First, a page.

Thursday, March 4, 2010

Digital Pinhole Follow Up

After reading the post on digital pinhole posted a few weeks back, one of our technicians here at KEH Camera thought that in addition to diffraction itself being the factor in the softness of the digital pinhole images, that there was much more to it. He decided to delve into deeper research to support his theories. For the technical people out there, this post is for you. Kris has shared his findings and sources as to why this happens.

In addition to light diffraction, a couple of other factors contribute to digital pinhole images being fuzzy and out of focus ( for essentially, they are out of focus.) These factors are focal plane & depth of focus.

Pinhole photography differs from traditional photography in that it is lensless. The photography concepts that we are taught, and so familiar with in traditional photography are completely absent and do not apply to pinhole photography. Namely, focusing mechanism and focal plane.
As you may know, we need a focusing mechanism and a flat plane (along with a proper shutter speed and a stable platform for supporting the camera) to obtain a sharp image. A pinhole camera has no focusing mechanism and, since it is lens-less, depth of field does not exist.

The focal plane in a film camera is different from that of a digital SLR sensor. Film is one flat plane once it is properly loaded inside a camera. A digital SLR's sensor, although it appears flat, is made up of several different layers of light gathering and protective materials. The nature of a pinhole's poor image resolution is also amplified by the sensor's micro-mirrors and photo-sites.

A simulation of a Circle of Confusion resting on/at a film plane, by Kris Phimsoutham
A simulation of a Circle of Confusion resting on/at a sensor, by Kris Phimsoutham
 The CCD and/or CMOS sensors have several layers of protective and light-gathering materials built on top of the actual material that does the capturing of an image. When a circle of confusion reaches the camera's sensor, the focal plane is resting several layers above the image capturing layer. Since it is a pinhole-fitted camera, the circle of confusion cannot be focused to fall on the plane of the image capturing layer. The sensor is simply capturing what it sees resting on the top layers, which captures and appears as fuzzy and unsharp.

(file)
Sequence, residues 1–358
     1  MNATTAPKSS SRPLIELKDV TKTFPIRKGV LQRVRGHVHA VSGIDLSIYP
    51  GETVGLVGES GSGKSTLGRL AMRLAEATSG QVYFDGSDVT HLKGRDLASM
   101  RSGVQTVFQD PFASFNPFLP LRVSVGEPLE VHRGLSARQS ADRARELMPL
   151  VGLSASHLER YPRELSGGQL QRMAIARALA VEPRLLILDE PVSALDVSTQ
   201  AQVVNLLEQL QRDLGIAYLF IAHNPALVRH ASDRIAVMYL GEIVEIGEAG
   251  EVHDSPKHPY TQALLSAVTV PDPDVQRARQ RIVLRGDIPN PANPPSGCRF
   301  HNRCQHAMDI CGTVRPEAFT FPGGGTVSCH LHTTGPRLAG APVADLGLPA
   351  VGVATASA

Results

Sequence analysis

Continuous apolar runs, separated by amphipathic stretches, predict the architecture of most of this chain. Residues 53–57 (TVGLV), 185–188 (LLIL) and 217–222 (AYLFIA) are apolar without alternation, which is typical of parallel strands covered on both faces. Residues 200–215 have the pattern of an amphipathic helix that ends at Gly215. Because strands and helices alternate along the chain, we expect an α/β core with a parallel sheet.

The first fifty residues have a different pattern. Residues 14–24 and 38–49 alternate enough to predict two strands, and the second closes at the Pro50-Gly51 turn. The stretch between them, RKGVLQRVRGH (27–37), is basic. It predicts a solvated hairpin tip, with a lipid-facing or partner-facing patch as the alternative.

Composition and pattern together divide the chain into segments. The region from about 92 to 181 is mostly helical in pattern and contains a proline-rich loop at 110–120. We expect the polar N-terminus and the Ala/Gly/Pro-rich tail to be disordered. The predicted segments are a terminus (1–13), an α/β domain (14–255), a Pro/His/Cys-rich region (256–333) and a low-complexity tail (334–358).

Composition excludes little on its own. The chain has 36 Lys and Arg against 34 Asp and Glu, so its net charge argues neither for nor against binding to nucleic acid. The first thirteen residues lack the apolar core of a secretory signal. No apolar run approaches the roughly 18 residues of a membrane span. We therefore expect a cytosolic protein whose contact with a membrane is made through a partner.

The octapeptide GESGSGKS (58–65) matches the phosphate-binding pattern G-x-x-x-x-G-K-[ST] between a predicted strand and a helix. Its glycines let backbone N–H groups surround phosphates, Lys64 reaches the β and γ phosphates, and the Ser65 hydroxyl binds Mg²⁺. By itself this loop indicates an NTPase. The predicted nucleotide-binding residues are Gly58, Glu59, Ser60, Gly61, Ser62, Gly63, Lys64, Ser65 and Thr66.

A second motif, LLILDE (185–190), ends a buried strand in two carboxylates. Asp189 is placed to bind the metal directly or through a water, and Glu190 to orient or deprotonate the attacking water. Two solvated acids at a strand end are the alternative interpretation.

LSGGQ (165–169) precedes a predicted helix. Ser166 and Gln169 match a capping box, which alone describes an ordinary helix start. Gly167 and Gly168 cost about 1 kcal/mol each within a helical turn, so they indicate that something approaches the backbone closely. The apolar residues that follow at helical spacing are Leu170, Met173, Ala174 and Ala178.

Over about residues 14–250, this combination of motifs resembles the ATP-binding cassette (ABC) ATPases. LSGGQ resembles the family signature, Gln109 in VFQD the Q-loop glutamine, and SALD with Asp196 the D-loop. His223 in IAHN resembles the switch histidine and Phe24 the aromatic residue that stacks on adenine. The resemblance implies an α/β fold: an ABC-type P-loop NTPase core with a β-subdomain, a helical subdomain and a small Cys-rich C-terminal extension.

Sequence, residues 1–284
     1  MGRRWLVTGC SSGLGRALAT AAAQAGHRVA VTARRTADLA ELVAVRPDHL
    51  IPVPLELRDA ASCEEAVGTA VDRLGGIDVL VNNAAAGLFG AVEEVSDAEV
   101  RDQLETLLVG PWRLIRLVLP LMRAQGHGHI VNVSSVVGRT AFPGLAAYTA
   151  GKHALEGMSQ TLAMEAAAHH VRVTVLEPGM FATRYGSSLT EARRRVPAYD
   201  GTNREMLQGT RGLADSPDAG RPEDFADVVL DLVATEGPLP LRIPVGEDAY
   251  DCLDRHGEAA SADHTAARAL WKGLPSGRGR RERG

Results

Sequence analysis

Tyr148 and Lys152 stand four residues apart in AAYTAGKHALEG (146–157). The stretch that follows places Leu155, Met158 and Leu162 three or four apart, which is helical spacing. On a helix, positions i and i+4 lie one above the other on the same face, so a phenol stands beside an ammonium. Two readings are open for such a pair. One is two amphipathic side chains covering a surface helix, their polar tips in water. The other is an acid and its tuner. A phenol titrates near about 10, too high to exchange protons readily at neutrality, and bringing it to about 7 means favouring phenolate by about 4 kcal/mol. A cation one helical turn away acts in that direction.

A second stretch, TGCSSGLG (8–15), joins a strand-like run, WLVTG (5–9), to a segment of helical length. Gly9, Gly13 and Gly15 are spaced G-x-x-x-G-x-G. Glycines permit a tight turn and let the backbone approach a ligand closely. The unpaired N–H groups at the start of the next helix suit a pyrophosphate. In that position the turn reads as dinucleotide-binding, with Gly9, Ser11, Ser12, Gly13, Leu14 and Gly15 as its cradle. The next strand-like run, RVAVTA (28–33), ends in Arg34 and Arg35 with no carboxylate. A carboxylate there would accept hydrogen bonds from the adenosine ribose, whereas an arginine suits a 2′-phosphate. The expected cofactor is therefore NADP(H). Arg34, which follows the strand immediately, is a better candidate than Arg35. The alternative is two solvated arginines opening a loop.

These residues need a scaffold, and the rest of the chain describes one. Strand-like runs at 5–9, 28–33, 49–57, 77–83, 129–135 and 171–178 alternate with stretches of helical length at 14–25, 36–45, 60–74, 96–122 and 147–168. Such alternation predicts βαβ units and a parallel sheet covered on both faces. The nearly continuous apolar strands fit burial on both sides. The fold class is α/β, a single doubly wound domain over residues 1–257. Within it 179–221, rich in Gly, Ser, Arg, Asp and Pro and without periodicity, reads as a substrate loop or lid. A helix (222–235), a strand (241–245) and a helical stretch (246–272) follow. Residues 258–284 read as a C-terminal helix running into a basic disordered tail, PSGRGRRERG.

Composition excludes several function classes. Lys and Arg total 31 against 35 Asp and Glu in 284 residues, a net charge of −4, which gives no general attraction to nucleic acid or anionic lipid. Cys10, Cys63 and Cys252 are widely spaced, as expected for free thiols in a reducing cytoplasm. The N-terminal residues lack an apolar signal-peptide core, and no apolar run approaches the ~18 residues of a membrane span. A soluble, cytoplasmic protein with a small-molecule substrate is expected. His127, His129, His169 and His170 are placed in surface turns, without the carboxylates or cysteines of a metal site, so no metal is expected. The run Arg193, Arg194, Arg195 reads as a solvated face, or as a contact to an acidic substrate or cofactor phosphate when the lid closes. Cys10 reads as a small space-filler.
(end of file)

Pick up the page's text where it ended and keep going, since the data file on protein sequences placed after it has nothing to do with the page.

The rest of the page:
To further explain these concepts, the following section is being used with permission by the author of www.cambridgeincolour.com.

Circle of Confusion

"Another implication of the circle of confusion is the concept of depth of focus (also called the "focus spread"). It differs from depth of field in that it describes the distance over which light is focused at the camera's sensor, as opposed to how much of the subject is in focus. This is important because it sets tolerances on how flat/level the camera's film or digital sensor have to be in order to capture proper focus in all regions of the image."

Depth of Focus & Aperture Visualization

"The above diagram depicts depth of focus versus camera aperture. The purple lines represent the extreme angles at which light could potentially enter the aperture. The purple shaded in portion represents all other possible angles. The diagram can also be used to illustrate depth of field, but in that case it's the lens elements that move instead of the sensor.

The key concept is this: when an object is in focus, light rays originating from that point converge at a point on the camera's sensor. If the light rays hit the sensor at slightly different locations (arriving at a disc instead of a point), then this object will be rendered as out of focus -- and increasingly so depending on how far apart the light rays are."

Digital SLR sensors were invented to capture images through optical lenses. Until sensors can be made to act like film, conventional pinhole photography, as it is, isn't viable without post-capture processing. This doesn't mean it is impossible to create beautiful, artistic and expressive images from your digital pinhole camera. Artists such as Sam Wang, Nancy Spencer, Eric Renner and numerous others have been exploring and defining digital pinhole imagery with great success and profound impact.

~Kris Phimsoutham + Noted Sources